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Thursday, June 13, 2024

About time

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Legislation must answer the need of the times and not be imprisoned in the archaic thinking of those who profess to be guardians of morality

Countries which have historically been the seat of Christianity, even Roman Catholicism, have long legalized divorce.

There are very Catholic countries in Europe and Latin America which even give Church holidays legal effectivity, yet they have legalized divorce.

Except for Vatican City, which is a sovereign state inside Rome, the Philippines is the only other country where divorce is not allowed, and only legal separation or church annulment, both of which are tedious and quite expensive to undertake, are allowed.

Though this singular distinction compared to the rest of humanity is not a valid reason for us to allow couples to legally file for divorce, the mere fact that we still make it so difficult for estranged and relationship-suffering couples to call it quits, just shows how our political leaders are in denial of reality, and prefer moral pretense instead.

That is why it is about time Congress approved the passage of the Absolute Divorce Act.

Through the dogged advocacy and legislative effort of Albay Rep. Edcel Lagman, the House finally passed the landmark legislation on third and final reading.

Hopefully, the Senate, as resolutely sponsored for years by Sen. Risa Hontiveros, and supported openly by Senators Imee Marcos, Pia Cayetano, Grace Poe and Raffy Tulfo, will pass it into law before its adjournment prior to the 2025 election.

Senate President Escudero has taken issue with the House version due to the lack of provisions that would allow indigents to avail themselves of the services of the Public Attorney’s Office in seeking divorce.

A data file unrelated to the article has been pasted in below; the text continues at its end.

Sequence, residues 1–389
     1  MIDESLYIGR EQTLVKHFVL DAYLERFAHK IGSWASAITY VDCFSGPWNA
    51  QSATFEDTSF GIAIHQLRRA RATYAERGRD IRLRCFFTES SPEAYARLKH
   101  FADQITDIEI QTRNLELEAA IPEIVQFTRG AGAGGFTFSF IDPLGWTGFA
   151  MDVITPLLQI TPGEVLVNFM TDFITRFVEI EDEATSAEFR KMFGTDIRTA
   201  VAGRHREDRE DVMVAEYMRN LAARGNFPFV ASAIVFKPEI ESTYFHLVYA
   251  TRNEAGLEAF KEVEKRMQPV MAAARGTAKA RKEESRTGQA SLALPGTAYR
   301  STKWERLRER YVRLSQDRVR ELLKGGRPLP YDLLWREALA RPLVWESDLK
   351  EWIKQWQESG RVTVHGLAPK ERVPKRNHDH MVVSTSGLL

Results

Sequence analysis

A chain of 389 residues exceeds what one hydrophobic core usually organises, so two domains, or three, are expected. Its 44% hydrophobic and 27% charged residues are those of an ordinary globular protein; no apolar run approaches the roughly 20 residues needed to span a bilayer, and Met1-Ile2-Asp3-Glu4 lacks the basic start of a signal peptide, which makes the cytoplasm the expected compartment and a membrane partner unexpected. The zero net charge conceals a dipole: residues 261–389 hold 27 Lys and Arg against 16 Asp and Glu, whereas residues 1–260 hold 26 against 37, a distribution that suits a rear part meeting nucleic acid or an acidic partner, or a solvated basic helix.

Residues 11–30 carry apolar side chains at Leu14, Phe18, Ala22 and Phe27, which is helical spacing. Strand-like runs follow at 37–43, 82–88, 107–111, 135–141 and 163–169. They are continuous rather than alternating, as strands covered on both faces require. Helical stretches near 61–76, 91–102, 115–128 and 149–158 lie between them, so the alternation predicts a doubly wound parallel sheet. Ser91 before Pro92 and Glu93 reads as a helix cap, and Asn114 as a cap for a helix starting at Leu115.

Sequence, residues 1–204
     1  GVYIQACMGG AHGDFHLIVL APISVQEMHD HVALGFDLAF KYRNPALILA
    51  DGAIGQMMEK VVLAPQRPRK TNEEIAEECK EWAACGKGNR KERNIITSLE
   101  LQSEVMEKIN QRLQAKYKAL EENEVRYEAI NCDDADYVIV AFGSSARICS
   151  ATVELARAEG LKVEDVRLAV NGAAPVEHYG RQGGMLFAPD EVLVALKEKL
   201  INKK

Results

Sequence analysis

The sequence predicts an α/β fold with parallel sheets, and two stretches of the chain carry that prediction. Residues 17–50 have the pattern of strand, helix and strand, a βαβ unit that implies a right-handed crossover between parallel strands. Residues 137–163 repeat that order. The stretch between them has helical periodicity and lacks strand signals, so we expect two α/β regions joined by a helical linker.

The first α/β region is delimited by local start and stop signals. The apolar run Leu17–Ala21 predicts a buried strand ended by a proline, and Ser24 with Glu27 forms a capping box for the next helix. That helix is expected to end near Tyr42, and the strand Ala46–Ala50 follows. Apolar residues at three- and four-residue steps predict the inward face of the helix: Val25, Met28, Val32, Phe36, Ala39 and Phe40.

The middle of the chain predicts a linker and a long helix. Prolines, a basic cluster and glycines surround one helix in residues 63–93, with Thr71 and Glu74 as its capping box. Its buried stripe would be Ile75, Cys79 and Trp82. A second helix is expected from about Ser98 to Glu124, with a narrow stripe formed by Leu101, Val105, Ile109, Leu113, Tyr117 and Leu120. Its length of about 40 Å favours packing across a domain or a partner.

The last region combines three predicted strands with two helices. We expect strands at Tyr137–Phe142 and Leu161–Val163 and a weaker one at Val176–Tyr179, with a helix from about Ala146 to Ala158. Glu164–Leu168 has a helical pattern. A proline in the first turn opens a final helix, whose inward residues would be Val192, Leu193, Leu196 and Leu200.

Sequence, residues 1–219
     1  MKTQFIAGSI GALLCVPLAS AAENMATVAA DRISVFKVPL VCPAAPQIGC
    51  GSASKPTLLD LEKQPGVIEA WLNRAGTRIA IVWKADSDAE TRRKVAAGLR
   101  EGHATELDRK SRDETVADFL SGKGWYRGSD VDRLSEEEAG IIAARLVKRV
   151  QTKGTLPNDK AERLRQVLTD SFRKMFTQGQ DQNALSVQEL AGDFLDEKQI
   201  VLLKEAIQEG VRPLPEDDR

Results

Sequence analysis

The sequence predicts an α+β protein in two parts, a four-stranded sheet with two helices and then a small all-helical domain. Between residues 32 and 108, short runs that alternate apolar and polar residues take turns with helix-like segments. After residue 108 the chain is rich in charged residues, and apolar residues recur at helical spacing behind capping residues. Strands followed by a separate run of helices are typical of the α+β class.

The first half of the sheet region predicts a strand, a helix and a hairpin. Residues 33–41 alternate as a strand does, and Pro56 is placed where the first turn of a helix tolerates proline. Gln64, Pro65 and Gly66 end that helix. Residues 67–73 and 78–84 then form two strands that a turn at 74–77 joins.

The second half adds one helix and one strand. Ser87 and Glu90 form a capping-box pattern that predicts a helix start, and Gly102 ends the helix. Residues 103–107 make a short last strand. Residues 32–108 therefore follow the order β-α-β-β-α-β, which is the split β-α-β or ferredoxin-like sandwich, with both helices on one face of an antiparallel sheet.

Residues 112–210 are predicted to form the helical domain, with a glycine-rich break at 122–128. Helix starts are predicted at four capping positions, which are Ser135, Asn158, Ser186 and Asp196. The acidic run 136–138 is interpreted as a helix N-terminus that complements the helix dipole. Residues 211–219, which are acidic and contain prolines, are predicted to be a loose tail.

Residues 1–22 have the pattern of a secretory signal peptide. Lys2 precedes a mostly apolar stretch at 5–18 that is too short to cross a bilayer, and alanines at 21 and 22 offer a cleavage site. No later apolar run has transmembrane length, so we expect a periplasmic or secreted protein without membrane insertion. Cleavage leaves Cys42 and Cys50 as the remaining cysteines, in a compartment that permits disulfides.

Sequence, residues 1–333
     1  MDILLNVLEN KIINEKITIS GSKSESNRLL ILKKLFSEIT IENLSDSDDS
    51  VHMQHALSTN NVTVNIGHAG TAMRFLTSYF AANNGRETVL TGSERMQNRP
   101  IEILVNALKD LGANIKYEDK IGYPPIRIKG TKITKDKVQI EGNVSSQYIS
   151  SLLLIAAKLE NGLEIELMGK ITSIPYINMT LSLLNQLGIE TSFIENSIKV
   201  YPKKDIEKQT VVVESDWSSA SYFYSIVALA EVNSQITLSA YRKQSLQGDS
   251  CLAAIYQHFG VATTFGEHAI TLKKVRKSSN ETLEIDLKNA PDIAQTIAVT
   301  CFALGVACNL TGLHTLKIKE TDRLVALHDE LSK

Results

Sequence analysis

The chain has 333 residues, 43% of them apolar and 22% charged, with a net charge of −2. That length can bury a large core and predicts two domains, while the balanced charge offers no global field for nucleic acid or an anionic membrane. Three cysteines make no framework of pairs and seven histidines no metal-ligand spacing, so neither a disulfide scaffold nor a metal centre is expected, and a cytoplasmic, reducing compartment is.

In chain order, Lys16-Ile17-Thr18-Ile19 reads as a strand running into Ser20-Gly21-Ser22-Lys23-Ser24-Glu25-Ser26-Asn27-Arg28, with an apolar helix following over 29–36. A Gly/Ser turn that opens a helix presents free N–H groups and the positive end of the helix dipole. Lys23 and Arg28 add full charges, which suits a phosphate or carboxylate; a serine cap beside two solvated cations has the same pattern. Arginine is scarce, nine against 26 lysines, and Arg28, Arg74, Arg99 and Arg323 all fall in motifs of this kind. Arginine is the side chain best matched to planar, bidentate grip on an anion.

We agree with his position on making divorce affordable to the poor, and it should be placed in the Senate version which I suppose many senators will support as well.

The advocates of divorce in our country precisely point to the inaccessibility and un-affordability to many who want to have their marriages dissolved.

Church annulment is limited to cases where the couples can prove they were incapacitated psychologically or physically to begin with, an ab initio ground for dissolution of the marriage vows.

Legal separation is also quite tedious and requires lengthy court proceedings the poor, and even the middle class, cannot afford.

But many marriages result in a partner, especially the females, having to suffer through a failed union, affecting even the well-being of their children.

Many “Catolicos cerrados” will insist on the absolute inviolability of marriage, which the Roman Catholic Church considers a sacrament, and contrary to the teachings of their religion.

But our Constitution, now and before has always upheld the separation of Church and State and, therefore, what may be “morally unacceptable” to a religious group need not be rule for all.

Medievalist thinkers in our present Church leadership simply will not accept what they consider as a “transgression of Christ’s sovereign will,” to quote from Dagupan-Lingayen Archbishop Socrates Villegas’ recent pastoral letter where he sanctimoniously stated being the only country without legal divorce, should be considered “a badge of honor, a mark of distinction.”

One wonders what gives supposedly celibate leaders of the Roman Church the right to pontificate on relationships they themselves have not experienced.

They would rather that couples who cannot co-exist in a sham relationship continue to suffer for the sake of “moral” pretense.

We hope and prayour senators, even those facing re-election next year, will not tremble in fear of the “negative influence” of the close-minded in the numerous church, and instead pass long-needed legislation that will free legions of Filipinos from the bondage of failed marriages.

Legislation must answer the need of the times and not be imprisoned in the archaic thinking of those who profess to be guardians of morality.


I just got back from a very relaxing foreign trip yesterday, aboard a PAL flight whose Airbus has seen better times and cannot compare to those of the more modernly-equipped air carriers.

As always the gracious smiles and solicitous attention given by its flight crew makes up for the inconvenience of its old planes.

But in two recent trips, I noticed that luggage tagged “priority” at the airports of origin are not given the priority our baggage crews (once in NAIA One, and even another at Clark International) should render.

Yesterday, my friends and I had to wait the longest for ours to come out of the tube, after all others had already left.

If that is what our NAIA baggage handlers call “leveling the field.” that should be alright by us, but foreign visitors were chafing at the incident.


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